Watering will all depend on the type of plants being grown, the size of those plants, and what type of medium you are using. As you know plants are very particular about being over or under-watered so this is an important question. First you need to determine if the medium you are using is absorbent or repellant. If you are using Rockwool you are dealing with an absorbent medium while Hydrocorn is a good example of a repellent medium that doesn't hold a lot of water. You want your medium to be moist but not drenched and you want your medium to dry out somewhat between waterings. So, if you watch your plants before and after waterings it will be very easy to tell if you are watering too much or too little. If your plants wilt before you water, but perk up immediately after watering, you may want to water a little more often. If your plants wilt just after watering than you are watering too much, and you should allot a little more time in between waterings. A good general rule of thumb is to start plants being watered about 2 to 3 times a day and increase as plants show signs of needing water.
In an ebb and flow system you are flooding a tray or pot full of nutrient solution to feed the plant or plants in your system. You do not want to keep the roots flooded for too long or you will risk drowning delicate roots. A good rule of thumb for watering in an ebb flow system is to water just long enough to completely flood your tray or pot with nutrient solution and then let the system drain. Most readily available timers have 30 minute increments so you may have to flood the tray for a little longer than it takes to reach the overflow level. This is fine as long as you do not keep the roots completely submerged for longer than an hour. Roots like oxygen, and keeping them submerged for too long cuts off the oxygen supply and can have fatal effects on your plants. So just remember to water only long enough to fill the system completely, and don't keep the roots submerged for too long.
The deciding factor in this problem is almost always heat. Co2 generators burn either natural gas or propane to produce Co2. The combustion of these fuels produces Co2 as a byproduct. Now the downfall of the generators is the heat that is produced in the process. While the generators are on they can raise temperatures in a grow room considerably. The nice thing about generators is the availability of propane or natural gas and the price of gas is considerably less than Co2. On the other hand, Co2 regulators are hooked up to Co2 tanks and regulate the amount of gas being emitted through the use of a timer and a flowmeter. You set the Cubic Feet per Hour (CFH) on the regulator and open the solenoid long enough to charge the room with Co2 up to the desired PPM using the timer to control the intervals. Co2 regulator type systems do not produce any heat at all but are more expensive to maintain then the generator systems since the price of Co2 is much higher than propane or natural gas.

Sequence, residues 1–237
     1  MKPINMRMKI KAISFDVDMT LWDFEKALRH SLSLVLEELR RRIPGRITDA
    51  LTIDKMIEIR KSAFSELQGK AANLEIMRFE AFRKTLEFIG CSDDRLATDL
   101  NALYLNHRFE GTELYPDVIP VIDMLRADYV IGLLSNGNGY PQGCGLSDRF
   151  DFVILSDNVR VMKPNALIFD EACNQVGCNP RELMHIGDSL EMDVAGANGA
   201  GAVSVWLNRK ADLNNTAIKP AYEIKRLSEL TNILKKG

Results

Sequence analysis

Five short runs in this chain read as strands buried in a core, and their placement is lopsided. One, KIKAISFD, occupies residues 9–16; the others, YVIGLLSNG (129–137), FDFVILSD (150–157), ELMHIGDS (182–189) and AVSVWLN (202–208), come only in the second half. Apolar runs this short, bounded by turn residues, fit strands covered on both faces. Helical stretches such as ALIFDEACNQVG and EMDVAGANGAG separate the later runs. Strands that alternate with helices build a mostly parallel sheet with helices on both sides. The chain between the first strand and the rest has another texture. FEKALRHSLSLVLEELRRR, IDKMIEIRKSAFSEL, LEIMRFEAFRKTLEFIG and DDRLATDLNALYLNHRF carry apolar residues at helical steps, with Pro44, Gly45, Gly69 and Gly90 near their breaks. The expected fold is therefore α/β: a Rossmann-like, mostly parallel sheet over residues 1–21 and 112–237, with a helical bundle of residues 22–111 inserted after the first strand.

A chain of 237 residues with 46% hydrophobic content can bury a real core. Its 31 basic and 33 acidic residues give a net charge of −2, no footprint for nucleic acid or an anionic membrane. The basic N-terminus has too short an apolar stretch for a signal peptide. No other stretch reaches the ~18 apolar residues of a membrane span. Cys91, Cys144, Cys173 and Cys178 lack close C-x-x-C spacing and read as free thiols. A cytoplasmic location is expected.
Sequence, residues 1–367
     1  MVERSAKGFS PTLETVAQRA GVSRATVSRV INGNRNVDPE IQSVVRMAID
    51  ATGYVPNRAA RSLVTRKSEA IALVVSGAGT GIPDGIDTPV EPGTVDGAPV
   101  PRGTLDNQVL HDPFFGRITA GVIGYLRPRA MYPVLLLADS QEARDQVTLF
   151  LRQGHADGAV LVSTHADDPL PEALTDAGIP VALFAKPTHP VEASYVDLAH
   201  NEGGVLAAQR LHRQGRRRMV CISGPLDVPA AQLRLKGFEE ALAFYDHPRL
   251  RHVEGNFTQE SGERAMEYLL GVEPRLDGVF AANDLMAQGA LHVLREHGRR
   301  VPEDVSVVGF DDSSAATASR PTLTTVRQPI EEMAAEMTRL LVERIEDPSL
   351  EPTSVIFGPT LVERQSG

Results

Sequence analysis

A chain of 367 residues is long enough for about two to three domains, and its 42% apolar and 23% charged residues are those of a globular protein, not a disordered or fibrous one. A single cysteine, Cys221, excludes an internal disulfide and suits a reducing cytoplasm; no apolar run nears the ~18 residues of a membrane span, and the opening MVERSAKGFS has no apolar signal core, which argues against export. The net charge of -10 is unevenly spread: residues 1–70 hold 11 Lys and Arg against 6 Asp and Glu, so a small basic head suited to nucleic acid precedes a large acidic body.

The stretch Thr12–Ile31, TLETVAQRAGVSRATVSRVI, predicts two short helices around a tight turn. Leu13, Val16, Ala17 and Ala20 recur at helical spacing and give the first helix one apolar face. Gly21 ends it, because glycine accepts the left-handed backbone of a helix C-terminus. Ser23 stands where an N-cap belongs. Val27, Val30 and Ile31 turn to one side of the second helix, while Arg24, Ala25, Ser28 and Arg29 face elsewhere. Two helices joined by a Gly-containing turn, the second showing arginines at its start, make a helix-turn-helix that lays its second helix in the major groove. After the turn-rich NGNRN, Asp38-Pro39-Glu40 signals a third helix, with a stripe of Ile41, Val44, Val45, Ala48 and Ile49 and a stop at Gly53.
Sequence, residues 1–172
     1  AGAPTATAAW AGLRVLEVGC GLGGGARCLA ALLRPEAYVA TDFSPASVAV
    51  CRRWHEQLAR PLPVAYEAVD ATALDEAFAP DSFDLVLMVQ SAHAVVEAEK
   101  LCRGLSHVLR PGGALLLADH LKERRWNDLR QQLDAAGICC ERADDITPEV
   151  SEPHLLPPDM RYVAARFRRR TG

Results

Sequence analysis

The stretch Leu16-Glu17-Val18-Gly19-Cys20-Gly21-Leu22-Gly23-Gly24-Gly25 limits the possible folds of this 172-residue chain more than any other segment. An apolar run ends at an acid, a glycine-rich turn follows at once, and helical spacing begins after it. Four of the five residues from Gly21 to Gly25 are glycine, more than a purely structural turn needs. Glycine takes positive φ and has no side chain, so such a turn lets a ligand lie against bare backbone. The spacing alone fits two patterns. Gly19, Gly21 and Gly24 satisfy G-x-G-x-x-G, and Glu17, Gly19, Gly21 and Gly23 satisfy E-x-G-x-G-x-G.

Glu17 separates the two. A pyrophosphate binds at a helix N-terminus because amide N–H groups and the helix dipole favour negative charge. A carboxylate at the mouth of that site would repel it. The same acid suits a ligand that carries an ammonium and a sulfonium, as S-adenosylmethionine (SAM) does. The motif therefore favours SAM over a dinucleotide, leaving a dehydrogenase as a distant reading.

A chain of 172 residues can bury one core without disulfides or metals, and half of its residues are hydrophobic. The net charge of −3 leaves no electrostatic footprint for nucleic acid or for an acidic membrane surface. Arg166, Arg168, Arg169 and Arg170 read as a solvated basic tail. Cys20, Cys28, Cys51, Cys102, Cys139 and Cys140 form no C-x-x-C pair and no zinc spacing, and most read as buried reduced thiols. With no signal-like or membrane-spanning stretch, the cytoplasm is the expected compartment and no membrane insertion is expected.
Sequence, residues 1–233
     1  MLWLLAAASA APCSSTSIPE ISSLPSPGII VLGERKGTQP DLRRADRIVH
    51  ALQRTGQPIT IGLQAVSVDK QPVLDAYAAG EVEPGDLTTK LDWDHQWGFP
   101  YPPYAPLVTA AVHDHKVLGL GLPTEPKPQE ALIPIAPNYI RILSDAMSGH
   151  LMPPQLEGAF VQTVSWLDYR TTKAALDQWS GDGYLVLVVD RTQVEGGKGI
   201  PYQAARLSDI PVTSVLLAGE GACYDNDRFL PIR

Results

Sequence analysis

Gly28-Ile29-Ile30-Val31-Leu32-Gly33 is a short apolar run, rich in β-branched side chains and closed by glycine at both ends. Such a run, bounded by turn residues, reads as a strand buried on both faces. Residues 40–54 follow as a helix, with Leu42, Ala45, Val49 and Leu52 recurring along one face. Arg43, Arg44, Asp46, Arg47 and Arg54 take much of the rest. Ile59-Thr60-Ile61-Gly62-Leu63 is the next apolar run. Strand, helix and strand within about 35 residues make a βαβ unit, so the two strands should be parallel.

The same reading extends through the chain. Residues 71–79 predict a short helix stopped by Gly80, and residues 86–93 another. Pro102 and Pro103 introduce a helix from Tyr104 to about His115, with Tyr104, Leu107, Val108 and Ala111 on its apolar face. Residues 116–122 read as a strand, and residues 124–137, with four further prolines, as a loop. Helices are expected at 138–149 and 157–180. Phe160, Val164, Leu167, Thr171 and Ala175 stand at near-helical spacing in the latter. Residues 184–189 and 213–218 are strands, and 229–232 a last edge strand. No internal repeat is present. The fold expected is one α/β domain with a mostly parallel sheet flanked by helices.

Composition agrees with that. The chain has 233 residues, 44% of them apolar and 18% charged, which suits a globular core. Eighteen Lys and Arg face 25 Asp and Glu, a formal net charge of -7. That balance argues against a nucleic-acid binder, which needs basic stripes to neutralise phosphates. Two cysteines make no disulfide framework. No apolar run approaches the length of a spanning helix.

Most of the fertilizers readily available are very general purpose mixes that do not work well for all types of plants. The nutrients that we sell are made specifically for plants grown in hydroponics systems that utilize sterile growing mediums. Most commercially available fertilizers are meant for fertilizing plants grown in soil and do not contain all the necessary trace elements. Our fertilizers contain all those trace elements, and are also made to be very soluble so that the plants can easily uptake the nutrients from the watering solution. Those other fertilizers will work to grow plants but they cannot compare to the results you will experience with our nutrients. Most commercially available fertilizers are like junk food for your plants giving you quick results that do not last very long.
The optimal temperature of the nutrient solution should be in the range of 65 to 75 degrees Fahrenheit. Letting water stand uncovered in a container overnight will help dissipate any chlorine in the water before you add it to the reservoir.
There is no energy savings from running your lights at 240 volts. That is a misconception that many people have. The main advantage is the fact that you can run more lights on one electrical circuit. For example if you run a 20 amp 120 volt circuit, you can only run two 1000 watt lights on that circuit. If you were to wire the circuit up for 240 volts you can run four 1000 watt lights on that circuit. This makes for a lot less wiring but does not save you on your electricity bill because each light still uses the same amount of watts.
This can be accomplished by presoaking your seeds. Fill a shot glass with distilled water and place your seeds in it. After 24 hours the viable seeds should have sank to the bottom. Those still floating are most likely not viable and will not germinate.